On July 19, 1957, five Air Force officers and one photographer stood together on a patch of ground about 65 miles northwest of Las Vegas. They'd marked the spot "Ground Zero. Population 5" on a hand-lettered sign hammered into the soft ground right next to them.
As we watch, directly overhead, two F-89 jets roar into view, and one of them shoots off a nuclear missile carrying an atomic warhead.
They wait. There is a countdown; 18,500 feet above them, the missile is detonated and blows up. Which means, these men intentionally stood directly underneath an exploding 2-kiloton nuclear bomb. One of them, at the key moment (he's wearing sunglasses), looks up. You have to see this to believe it.
Who are these guys? And why is the narrator joyously shouting, "It happened! The mounds are vibrating. It is tremendous! Directly above our heads! Aaah!"
This footage comes from our government's archives. It was shot by the U.S. Air Force (at the behest of Col. Arthur B. "Barney" Oldfield, public information officer for the Continental Air Defense Command in Colorado Springs) to demonstrate the relative safety of a low-grade nuclear exchange in the atmosphere. Two colonels, two majors and a fifth officer agreed to stand right below the blast. Only the cameraman, George Yoshitake, didn't volunteer.
The country was just beginning to worry about nuclear fallout, and the Air Force wanted to reassure people that it was OK to use atomic weapons to counter similar weapons being developed in Russia. (They didn't win this argument.)
Watching this film, there are many things to wonder (and worry) about, but one of the stranger moments is how the bomb bursts in complete silence. We see a sudden white flash. It makes the soldiers flinch. Then there's a pause, a pregnant quiet that lasts for a beat, then another and then — there's a roar. ("There it is! The ground wave!"), after which the sky above seems to go black and the air turns to fire.
Basic physics explains the pause. Because light travels quicker than sound, you see light first, you hear sound later. In most movies (even in government-released atomic bomb blast films), the sound is artificially time shifted to make the flash and the sound appear simultaneous.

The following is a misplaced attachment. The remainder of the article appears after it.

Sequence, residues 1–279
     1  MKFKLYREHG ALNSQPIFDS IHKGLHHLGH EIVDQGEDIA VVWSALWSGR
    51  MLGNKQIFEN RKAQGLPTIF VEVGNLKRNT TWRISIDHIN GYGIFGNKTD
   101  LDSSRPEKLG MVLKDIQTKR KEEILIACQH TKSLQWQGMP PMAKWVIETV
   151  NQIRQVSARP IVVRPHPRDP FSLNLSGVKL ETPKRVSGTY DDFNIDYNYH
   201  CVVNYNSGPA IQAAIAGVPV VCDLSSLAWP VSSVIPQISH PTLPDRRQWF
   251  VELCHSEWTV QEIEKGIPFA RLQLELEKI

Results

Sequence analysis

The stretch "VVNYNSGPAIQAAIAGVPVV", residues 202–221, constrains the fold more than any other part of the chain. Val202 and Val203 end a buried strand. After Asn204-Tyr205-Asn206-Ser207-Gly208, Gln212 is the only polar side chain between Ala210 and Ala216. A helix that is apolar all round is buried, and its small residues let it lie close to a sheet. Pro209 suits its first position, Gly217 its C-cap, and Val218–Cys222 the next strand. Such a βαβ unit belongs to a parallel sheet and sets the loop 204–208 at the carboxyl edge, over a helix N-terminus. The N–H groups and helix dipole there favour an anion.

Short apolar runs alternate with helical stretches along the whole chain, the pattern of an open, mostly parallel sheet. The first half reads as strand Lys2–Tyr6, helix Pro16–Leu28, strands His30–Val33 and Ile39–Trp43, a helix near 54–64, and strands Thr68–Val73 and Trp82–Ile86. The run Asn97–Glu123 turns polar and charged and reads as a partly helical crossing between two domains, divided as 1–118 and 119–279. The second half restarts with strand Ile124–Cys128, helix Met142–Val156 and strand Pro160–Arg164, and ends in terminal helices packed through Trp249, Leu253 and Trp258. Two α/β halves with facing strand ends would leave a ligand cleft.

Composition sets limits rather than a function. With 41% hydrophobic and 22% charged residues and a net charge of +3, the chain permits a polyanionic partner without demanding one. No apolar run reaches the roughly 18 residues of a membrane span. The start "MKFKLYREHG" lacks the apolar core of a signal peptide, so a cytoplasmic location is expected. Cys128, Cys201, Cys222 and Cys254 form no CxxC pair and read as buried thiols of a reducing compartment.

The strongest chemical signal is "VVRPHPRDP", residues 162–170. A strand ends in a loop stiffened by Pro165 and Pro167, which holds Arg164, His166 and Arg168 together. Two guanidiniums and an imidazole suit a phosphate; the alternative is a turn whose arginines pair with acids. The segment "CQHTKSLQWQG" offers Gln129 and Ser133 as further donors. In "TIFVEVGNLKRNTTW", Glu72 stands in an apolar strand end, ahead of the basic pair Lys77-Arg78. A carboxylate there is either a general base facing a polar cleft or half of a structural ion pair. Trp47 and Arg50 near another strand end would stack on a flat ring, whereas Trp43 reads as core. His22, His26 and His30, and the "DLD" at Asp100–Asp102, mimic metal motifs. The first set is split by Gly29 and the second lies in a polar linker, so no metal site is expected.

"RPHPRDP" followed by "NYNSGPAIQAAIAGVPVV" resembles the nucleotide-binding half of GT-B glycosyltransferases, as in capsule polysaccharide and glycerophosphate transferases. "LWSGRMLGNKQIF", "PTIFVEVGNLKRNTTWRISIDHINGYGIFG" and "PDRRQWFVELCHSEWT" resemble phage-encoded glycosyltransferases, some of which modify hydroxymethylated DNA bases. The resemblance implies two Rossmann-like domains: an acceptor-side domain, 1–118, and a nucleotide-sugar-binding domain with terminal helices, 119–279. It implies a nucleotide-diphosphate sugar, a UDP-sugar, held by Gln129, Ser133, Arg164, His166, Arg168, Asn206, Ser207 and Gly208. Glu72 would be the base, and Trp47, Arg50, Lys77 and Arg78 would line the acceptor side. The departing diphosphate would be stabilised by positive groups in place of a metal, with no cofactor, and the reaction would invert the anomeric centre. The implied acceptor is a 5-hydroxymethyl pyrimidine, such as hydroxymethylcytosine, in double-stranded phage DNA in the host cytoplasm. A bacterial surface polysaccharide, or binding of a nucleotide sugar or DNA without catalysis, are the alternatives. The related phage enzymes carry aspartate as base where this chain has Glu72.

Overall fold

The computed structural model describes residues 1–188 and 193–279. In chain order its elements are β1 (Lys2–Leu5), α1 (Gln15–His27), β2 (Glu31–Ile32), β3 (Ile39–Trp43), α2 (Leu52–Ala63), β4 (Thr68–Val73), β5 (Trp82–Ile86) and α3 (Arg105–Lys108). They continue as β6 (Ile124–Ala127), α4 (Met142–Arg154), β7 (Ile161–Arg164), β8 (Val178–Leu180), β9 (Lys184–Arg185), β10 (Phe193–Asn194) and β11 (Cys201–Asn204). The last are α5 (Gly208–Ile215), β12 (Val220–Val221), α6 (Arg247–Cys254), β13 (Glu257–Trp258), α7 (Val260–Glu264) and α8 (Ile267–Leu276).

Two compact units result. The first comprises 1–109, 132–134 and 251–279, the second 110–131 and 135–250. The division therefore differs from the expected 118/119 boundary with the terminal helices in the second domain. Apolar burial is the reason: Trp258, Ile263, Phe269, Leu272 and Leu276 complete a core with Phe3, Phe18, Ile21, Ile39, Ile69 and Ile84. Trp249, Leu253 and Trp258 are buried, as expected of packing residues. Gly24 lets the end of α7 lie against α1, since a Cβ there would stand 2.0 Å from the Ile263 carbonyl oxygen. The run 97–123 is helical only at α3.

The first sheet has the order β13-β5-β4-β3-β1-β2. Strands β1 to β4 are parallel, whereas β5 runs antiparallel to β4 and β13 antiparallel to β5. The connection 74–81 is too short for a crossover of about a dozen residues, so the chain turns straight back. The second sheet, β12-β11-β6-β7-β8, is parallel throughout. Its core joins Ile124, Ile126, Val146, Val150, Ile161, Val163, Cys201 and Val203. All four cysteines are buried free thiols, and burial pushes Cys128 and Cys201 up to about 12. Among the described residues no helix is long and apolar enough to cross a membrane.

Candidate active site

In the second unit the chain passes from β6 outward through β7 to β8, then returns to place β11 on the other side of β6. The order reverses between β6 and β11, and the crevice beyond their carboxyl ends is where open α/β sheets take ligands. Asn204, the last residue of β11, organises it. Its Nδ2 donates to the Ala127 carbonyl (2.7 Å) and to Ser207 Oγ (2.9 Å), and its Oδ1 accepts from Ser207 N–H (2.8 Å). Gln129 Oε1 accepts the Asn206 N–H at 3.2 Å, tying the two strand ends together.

'A Long, Thundering Growl'
But that's not what it's like if you are actually there. Science historian Alex Wellerstein has found an undoctored and deeply frightening recording — which he just posted on Restricted Data; The Nuclear Secrecy Blog.
He got it, he says, from "a Russian correspondent" who was searching the U.S. National Archives. (Why not? Our past is open to all.) The Russian found a recording of an American atomic test in 1953, which shows an enormous flash of white, so white it blanks out the entire sky, then thick clouds of ash (or maybe dirt?) tumble up, a fireball appears — all of this in total quiet. Thirty seconds pass. And then, says Wellerstein,
Put on some headphones and listen to it all the way through — it's much more intimate than any other test film I've seen. You get a much better sense of what these things must have been like, on the ground, as an observer, than from your standard montage of blasts. Murmurs in anticipation; the slow countdown over a megaphone; the reaction at the flash of the bomb; and finally — a sharp bang, followed by a long, thundering growl. That's the sound of the bomb.
It's a sound you would never want to hear in real life, but this a safe way to eavesdrop. Just one warning: For the first two minutes of this video, nothing happens, nothing I could hear, anyway. Then there's a countdown, and at 2:24 from the top ... the bomb bursts; at 2:54 the blast hits.
A Postscript: What Happened To The Guys In The Bomb Video?
By ROBERT KRULWICH & ALEX WELLERSTEIN
A lot of you wrote in to ask what happened to the five men in the blog post above, who, in 1957 stood under an exploding atomic bomb. Did they get cancer? Did they suffer later on? Are they still with us?
We checked, of course. I did find a list of the people who were in the film.
Col. Sidney Bruce
Lt. Col. Frank P. Ball
Maj. Norman "Bodie" Bodinger